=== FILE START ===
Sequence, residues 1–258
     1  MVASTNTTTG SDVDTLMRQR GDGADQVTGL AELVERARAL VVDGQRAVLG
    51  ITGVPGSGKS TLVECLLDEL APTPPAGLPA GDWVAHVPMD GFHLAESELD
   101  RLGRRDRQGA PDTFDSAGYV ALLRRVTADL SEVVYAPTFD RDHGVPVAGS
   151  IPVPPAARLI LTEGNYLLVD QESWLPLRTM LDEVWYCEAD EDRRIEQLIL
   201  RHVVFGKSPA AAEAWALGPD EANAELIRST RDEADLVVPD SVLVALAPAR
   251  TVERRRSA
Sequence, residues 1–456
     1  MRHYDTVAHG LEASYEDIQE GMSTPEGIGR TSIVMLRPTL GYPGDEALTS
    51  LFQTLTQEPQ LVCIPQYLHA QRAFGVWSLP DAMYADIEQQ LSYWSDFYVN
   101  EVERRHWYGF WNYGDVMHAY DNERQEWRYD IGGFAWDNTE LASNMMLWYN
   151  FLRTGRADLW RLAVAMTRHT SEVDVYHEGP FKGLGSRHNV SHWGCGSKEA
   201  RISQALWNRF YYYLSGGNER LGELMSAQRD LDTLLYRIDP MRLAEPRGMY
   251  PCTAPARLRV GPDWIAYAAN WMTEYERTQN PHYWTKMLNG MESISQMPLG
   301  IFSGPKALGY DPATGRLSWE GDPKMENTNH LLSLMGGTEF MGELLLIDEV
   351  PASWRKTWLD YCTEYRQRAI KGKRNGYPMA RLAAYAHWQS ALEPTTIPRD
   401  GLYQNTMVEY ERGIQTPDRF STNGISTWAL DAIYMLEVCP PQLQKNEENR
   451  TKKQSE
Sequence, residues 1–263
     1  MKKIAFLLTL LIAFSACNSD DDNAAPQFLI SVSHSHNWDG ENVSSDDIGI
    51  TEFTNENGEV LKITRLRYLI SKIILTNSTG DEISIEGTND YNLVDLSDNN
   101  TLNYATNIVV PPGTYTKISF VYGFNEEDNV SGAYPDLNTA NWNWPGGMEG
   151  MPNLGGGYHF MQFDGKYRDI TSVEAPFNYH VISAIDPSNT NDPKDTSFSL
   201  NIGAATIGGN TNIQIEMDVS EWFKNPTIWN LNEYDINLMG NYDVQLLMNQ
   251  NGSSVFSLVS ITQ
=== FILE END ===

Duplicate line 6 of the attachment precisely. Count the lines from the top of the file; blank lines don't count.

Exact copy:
   201  RHVVFGKSPA AAEAWALGPD EANAELIRST RDEADLVVPD SVLVALAPAR